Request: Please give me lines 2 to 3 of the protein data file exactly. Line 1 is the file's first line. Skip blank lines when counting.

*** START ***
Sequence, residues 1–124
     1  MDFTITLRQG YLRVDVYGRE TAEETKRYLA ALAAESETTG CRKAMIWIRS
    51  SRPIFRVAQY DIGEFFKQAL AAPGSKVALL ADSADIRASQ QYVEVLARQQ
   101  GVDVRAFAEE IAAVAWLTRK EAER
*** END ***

     1  MDFTITLRQG YLRVDVYGRE TAEETKRYLA ALAAESETTG CRKAMIWIRS
    51  SRPIFRVAQY DIGEFFKQAL AAPGSKVALL ADSADIRASQ QYVEVLARQQ